This month the ASQ/APQC Global State of Quality 2 Research will be released. ASQ and APQC have partnered again to examine the Global State of Quality. As the research did in 2013, the Global State of Quality 2 Research once again aims to further advance the world’s understanding of quality’s impact. The goal of this year’s report is to examine trends that have continued to evolve from the 2013 Discoveries report, as well as identify new trends within the quality industry.

Additionally, this research outlines a set of key findings used by organizations from around the world to govern, manage, measure, and support quality.

The Global State of Quality 2 Research report outlines characteristics of organizations or regions that are performing at different levels. At times, the report analysis shows some organizations are performing at a higher level, at times, some of the analysis will focus on challenges that need to be addressed at lower-performing organizations. With this year’s report, one additional step was taken to include an examination of world-class quality organizations. The goal is to provide detailed insight on what those organizations are doing differently.


To define what a world-class quality organization is, researchers examined the data and found the following characteristics as representative of strong quality practice. World-class quality organizations:

  • See quality as strategic and competitive.
  • Increase investment in quality departments
  • and/or programs.
  • Train all employees.
  • Train suppliers in quality methodology.
  • Offer comprehensive quality training to employees.
  • Understand product performance through customers’ eyes.
  • Have visible metrics on performance against customer needs.
  • Measure the cost of remediation.
  • Deliver standard reports across the organization.
  • Reap greater than $1M in net savings.

The data set was filtered using these characteristics to identify organizations that had the strongest practice end-to-end. In total, 28 organizations out of 1,665 respondents (1.6%) were designated as world-class quality organizations.

Additionally, there were a number of observations resulting from the analysis of this world-class data set, outlining what differences are found in world-class quality organizations as compared to those not classified as world class.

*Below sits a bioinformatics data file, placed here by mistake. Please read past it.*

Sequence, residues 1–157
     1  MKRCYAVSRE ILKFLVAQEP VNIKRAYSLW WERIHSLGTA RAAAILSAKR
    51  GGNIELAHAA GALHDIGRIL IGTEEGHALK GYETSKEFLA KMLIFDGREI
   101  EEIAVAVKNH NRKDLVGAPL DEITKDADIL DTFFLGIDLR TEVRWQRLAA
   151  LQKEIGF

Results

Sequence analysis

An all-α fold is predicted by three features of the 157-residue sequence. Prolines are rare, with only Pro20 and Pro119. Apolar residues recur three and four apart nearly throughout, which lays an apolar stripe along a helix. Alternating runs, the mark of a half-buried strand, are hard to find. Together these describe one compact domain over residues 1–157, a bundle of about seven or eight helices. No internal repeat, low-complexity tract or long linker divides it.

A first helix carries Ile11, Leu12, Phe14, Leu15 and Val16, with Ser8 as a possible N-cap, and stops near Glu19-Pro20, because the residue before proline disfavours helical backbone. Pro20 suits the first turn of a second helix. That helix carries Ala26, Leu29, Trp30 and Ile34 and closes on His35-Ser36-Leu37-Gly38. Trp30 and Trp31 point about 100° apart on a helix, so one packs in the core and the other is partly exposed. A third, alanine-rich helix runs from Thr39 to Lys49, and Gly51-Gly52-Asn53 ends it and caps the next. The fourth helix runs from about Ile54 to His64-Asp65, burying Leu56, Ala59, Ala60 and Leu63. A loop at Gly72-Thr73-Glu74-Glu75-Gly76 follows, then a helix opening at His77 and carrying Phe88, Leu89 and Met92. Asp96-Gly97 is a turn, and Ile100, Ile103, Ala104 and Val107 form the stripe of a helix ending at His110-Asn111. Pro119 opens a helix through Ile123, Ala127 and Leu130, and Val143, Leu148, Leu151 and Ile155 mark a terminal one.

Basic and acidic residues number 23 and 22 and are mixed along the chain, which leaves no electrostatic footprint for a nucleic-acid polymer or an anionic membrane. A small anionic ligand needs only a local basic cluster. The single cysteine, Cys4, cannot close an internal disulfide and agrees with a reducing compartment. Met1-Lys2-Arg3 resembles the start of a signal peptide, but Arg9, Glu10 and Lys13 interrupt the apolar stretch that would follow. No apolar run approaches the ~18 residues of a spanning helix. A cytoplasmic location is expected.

• 100% have increased investment in quality—almost double the number of organizations not classified as world class
  • 96% of world class see quality as strategic and competitive (that is triple the number for other organizations)
  • 85% promote challenging quality goals to drive high performance (double the number for other organizations)


  • 100% train all employees (more than double the non-world class organizations)
  • More than twice as likely to train suppliers (tier 1, tier 2, and tier 3) than non-world class
  • Twice as likely to apply knowledge transfer techniques from retiring employees


  • Almost double less likely to have quality-related setbacks
  • Almost triple as likely to have reporting standardized across the organization


  • 100% use technology to improve quality awareness and results (50% higher than non-world class)
  • 71% use social media to gauge customer sentiment (more than double the non-world class)
  • 73% use big data to improve understanding of customers’ needs (more than double the non-world class)


While the research shows the majority of world-class quality organizations are in the manufacturing sector and in North America, world-class quality organizations can be found in any industry and anywhere in the world. Based on the Global State of Quality 2 Research, the charts on the previous page show the breakdown based on industry and continent.


There is no magic recipe for becoming a world-class quality organization. Examining the common characteristics and comparing world-class against the non-world-class quality organizations some lessons become clear. Becoming a world-class quality organization does not accidently occur; an organization does not wish itself world-class quality and it becomes so. The rise to becoming a world-class quality organization does not occur in isolation.

While there is no single path to take toward organizational culture and improvement, getting buy-in from top management is key. Once top management is on board, having change management processes in place becomes essential. 

And learn, train, repeat. While you might have to find different means of expressing the phrase, “You need to spend money to make money,” these are words to live by. The world-class quality organizations recognized in the Global State of Quality 2 Research did not save millions of dollars by unleashing a team of two into the depths of the company, hoping something good will happen. No, these organizations have clear strategies to meet the goals. The companies invested in their employees to achieve the skill level and common language needed to see big returns on the investment.

Becoming world class doesn’t happen overnight, but being left behind your competition might. Work together for agreed upon, systemic changes and you will see the results.